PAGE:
And thereafter in the sacred canon, their story is referred to as the archetype of all such rebellion. So Hosea says that Israel is like Adam in its disobedience to covenant. And, as we noted above, Paul says that death spread to all people because all sinned--as Adam sinned. The point is not that there must be a single human whose sin explains all of our lostness, but that all of us have done what Adam did and so share Adam's guilt and sentence. We don't need guilt plus depravity to be passed along through Adam's line of descent to explain universal human sinfulness. We just need to look around to say, death spread to all people because all sinned--like Adam.
Dare we say it, then? Loath to declare ourselves in a battle between two theological publicity hounds, we grudgingly say that in this round, McLaren is right this time.
But . . .
Presently the whole "historical Adam" controversy largely hangs on a single observation of genetics and paleoanthropology: that the present state of human genetic diversity had to arise from an original population of "modern humans" of about 10,000. Hence, no singular Adam.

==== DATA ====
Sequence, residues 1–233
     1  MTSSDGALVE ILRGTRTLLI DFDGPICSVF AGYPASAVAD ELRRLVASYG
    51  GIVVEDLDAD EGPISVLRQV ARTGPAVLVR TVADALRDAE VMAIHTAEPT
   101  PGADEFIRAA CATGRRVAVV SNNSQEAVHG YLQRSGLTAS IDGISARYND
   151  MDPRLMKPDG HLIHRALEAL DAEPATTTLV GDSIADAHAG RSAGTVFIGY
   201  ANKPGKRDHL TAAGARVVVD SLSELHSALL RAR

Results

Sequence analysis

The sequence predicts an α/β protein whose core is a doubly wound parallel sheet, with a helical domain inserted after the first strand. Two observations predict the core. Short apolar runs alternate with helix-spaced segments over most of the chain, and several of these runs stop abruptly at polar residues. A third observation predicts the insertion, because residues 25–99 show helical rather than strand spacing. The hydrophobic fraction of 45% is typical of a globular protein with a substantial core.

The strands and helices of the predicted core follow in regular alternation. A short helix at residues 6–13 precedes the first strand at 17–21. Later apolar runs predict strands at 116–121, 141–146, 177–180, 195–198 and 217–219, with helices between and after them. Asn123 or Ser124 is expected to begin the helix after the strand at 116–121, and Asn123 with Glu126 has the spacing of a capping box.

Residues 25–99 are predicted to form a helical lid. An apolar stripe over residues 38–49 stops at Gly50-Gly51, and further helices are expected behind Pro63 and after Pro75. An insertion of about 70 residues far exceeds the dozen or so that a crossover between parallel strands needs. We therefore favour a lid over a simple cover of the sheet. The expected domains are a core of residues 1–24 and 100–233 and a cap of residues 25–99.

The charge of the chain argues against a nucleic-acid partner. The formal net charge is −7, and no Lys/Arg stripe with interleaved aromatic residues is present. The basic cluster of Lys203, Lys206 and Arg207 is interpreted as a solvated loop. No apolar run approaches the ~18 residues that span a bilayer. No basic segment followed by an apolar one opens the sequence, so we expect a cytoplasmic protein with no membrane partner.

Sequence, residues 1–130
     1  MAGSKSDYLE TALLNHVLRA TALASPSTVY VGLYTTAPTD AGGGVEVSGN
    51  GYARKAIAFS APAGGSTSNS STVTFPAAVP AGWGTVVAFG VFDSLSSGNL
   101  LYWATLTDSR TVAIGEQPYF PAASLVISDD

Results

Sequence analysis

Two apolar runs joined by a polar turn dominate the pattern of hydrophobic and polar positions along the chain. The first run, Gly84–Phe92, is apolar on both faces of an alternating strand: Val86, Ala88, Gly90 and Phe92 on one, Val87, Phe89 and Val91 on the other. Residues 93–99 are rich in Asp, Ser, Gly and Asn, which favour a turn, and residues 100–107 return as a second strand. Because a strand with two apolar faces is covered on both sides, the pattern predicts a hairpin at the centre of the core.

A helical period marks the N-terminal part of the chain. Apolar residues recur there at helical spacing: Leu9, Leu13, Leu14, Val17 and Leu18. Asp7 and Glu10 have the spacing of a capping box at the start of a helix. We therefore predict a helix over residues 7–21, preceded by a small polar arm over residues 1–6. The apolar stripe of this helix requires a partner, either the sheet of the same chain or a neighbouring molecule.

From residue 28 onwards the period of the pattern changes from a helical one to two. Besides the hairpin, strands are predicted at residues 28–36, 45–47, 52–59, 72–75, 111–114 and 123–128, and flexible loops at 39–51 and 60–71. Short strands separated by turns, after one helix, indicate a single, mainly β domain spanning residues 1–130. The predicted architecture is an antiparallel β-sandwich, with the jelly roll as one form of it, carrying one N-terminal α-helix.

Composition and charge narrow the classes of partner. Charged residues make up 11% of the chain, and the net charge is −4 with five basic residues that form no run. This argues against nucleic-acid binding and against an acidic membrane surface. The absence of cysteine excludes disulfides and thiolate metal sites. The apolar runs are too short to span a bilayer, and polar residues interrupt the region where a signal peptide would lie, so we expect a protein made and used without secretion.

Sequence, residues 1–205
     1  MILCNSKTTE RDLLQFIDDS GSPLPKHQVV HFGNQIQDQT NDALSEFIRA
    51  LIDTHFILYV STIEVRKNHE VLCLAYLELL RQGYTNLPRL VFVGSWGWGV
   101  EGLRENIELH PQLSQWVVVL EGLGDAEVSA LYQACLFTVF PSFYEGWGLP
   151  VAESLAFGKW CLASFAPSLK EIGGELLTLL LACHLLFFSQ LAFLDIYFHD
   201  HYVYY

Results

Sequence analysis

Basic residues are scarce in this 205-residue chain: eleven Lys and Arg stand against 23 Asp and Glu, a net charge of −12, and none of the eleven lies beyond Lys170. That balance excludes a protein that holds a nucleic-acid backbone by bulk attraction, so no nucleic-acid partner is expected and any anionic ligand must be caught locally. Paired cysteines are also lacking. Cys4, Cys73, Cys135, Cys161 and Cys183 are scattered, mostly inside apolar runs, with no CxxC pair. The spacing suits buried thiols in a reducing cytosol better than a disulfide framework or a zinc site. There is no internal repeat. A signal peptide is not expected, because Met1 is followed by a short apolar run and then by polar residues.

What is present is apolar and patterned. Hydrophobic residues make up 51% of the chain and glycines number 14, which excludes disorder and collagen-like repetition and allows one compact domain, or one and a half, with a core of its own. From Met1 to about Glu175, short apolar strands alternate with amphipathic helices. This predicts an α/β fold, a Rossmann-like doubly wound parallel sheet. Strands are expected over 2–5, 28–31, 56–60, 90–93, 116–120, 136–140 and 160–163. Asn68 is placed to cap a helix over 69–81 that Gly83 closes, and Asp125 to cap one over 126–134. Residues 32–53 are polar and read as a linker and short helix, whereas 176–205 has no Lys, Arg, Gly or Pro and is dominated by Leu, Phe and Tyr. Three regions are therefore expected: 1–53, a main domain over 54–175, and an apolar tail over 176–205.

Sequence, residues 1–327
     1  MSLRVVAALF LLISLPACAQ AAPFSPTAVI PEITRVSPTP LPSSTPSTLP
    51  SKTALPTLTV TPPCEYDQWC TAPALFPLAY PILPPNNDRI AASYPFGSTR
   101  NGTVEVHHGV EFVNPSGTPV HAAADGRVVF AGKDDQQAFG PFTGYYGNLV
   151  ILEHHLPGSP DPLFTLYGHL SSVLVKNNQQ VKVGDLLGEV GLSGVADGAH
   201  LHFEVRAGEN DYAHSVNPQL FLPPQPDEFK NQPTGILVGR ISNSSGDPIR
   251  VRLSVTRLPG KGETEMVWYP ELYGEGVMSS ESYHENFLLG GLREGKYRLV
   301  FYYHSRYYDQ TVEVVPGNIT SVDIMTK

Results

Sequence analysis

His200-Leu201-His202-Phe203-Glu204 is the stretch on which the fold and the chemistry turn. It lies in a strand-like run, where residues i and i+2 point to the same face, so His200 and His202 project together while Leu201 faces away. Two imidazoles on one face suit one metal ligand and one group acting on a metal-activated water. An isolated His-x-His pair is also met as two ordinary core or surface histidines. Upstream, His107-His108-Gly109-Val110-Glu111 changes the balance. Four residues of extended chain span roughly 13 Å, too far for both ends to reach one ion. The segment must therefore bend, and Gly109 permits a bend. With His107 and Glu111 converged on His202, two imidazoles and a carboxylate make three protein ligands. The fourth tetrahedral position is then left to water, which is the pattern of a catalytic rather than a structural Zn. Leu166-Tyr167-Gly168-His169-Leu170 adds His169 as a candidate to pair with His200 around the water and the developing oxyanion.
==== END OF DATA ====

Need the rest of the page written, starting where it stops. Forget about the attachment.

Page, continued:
However, where did the 10k community come from? Well, they came from earlier homonids of the quasi-human variety, of course.
Take the Neanderthal, so maligned in the human imagination. Seems likely that "modern humans," obviously slumming, mated and procreated with Neanderthals. And the issue of such unions were themselves fertile, not like mules and other animal hybrids.
Meanwhile, our paleoanthropological friends tell us that there's still singular human ancestry in the background. It's just prior to "modern humans."
See the problem, gentle readers? It's the boundary of the category "human." Is that handsome person with his high foreheard, inconspicuous eyebrow ridge, slender chest and lithe limbs someone like me? Of course! What about that brute with the sloping forehead, prominent eyebrow ridge, barrel chest and awkwardly powerful limbs? Ugh. Clearly not a part of my family.